Rebalancing investment portfolio is a very effective way of managing investment risk for passive investors. After you had determined the right asset allocation, rebalancing it at a certain time-based schedule is crucial to ensure the that you practice the simplest strategy of investment — buy low and sell high. As mentioned in my previous post, this is one of the three secrets of investing in unit trust.

Now the question is: How often should we rebalance our investment portfolio?


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Where you place the money in your hand?

Photo Credit: Steve Woods

There is a great article posted at My Money Blog summarizing that there is no concrete right answer on the best frequency of portfolio rebalancing. The author concludes that:

“….the most important thing is to just make sure you set up some way to rebalance that does not involve any emotions or market timing. Don’t worry about the details, but don’t let your portfolio run off on its own either. ‘Better To Have Rebalanced Regularly Than Not At All.”

It is definitely yielding better return with lower risk for those who rebalance regularly compared to those who don’t. It is just common sense. You never lock the gain if you never sell your investment vehicles when it is high.


Image: Lowered Risk and Increased Returns if Rebalancing Portfolio

Rebalancing is not Reallocation

But first and foremost, don’t confuse between rebalancing with reallocation. As stated by Dryan Olson,

  • Rebalancing is adjusting your portfolio through time to keep it in sync with your risk level. For example, say you’re a moderately aggressive investor with an asset allocation of 80% stocks, 15% bonds and 5% cash. If the outperformance of your stock investments pushed that mix to 90% stocks and 5% bonds, you might sell some stocks and buy some bonds to bring those percentages back in line.
  • Reallocation is shifting to a new asset allocation that reflects an entirely different risk level. For example, an investor in her 30s may prefer an aggressive asset allocation with 95% stocks. But by the time she retires, she may switch to a moderately conservative approach with only 40% stocks.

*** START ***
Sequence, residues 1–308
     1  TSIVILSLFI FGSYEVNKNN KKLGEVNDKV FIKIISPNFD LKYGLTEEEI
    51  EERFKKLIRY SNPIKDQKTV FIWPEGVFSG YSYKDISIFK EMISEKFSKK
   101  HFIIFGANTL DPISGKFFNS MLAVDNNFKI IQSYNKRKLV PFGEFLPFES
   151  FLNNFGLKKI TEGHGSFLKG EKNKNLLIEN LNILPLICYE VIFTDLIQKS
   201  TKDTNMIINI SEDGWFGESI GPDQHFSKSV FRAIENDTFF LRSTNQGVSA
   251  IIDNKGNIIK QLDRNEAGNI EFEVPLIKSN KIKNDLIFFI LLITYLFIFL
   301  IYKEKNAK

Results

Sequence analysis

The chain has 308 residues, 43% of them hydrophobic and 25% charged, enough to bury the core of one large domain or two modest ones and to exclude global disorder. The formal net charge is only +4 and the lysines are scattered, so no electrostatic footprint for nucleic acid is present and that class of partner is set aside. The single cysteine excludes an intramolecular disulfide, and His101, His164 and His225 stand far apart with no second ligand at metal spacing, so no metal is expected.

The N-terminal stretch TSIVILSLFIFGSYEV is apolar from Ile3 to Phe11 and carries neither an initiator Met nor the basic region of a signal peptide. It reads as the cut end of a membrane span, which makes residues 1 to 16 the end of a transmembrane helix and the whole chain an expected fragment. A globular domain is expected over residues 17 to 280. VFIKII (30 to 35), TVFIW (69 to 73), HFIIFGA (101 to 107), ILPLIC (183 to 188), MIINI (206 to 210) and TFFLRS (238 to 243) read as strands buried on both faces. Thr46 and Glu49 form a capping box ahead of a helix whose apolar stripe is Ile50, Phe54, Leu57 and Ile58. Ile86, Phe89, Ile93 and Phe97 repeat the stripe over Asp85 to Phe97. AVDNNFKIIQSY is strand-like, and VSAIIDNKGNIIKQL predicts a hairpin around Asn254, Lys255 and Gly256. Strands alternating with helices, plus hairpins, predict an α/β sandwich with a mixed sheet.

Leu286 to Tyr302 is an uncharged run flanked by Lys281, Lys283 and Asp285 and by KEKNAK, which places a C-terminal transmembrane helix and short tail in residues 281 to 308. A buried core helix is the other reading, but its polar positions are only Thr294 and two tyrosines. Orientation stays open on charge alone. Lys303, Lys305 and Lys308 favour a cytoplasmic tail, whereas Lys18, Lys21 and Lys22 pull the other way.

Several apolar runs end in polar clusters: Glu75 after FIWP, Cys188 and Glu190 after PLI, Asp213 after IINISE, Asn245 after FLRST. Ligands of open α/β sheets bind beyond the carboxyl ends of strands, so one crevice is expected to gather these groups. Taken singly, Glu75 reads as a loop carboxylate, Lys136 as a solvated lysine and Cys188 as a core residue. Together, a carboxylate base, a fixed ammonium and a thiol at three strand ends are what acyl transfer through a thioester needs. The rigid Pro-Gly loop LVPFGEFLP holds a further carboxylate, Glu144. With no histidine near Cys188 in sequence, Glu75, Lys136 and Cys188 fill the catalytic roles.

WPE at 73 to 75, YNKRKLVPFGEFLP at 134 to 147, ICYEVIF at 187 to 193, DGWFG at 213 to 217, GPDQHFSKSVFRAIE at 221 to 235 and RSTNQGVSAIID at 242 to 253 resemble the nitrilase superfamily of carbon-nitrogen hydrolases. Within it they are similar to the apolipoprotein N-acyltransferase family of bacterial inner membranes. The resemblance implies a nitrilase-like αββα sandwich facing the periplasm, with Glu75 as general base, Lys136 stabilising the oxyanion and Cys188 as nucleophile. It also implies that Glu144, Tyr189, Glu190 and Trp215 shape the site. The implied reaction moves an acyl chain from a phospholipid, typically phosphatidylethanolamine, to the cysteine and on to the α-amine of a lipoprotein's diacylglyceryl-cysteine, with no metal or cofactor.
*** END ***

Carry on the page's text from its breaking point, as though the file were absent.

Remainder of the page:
Reallocation might be done at later stage when you are approaching your retirement age, or when you need the liquid cash from your investment. But rebalancing should be done regularly. It might be half-yearly, yearly, or every two years. It also can be event driven. You can also set a return target to trigger your balancing act.

Perfect Time to Rebalance

There is no perfect time, because timing is never right. It is impossible to sell at the highest price, neither to buy at the lowest price. Rebalancing regularly will reap the return in between the highest and the lowest.

Fixed schedule

Technically, you can rebalance whenever you like. But “whenever” is almost an unknown date. It might take you forever. So just stick to something with much simplicity — rebalancing yearly. You can do it monthly if you like, but there is just too much work for you and also for the financial planners. Moreover the effect of doing it more frequent than once a year is not significant enough to justify the trouble you have to go through. Fix an appointment with your investment adviser and agree on a date for annual rebalancing.

Event driven

This is more tactical in the sense that you need to follow the market. For instance, when there is certain major announcement from the government that boost up your stock portion in certain industry, this will make your portfolio unbalance. You might want to sell some stocks holding in that particular industry and buy the other diversified funds. Another example is when the interest rate is adjusted which will affect the bond fund performance. Your portfolio might be out of balance again and it is appropriate for you to rebalance it back to the original allocation.

Portfolio change driven

This is also known as target rebalancing. You shall rebalance portfolio when a portion of your portfolio hit the return target. For example, your original stock portion is 50%. After a year it grows up to 75%, giving you a 50% return, you shall then sell off the excess return and rebalance it back to 50% of your entire portfolio. Theoretically, this style of rebalancing makes perfect sense in that it doesn’t allow your portfolio ever to drift too far from your original allocations. The suggested target is 15% change on the asset classes. Again, this is troublesome because you will need to monitor very closely.

Summary

  • review portfolio for rebalancing at least once a year
  • rebalancing help you to follow through the investing principle of buy low, sell high which will protect your profits and lower the volatility
  • use the simple way that can trigger you to rebalance, which most people recommended — calender rebalancing at a fixed schedule.

Rebalancing should be a standard operating procedure for every investor since it is relatively easy to restore a portfolio to its original allocation mix. Regardless of your objectives and risk tolerance, the major benefit of periodic risk management is significant reduction in portfolio volatility.

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KCLau
KCLau

Personal finance author and trainer

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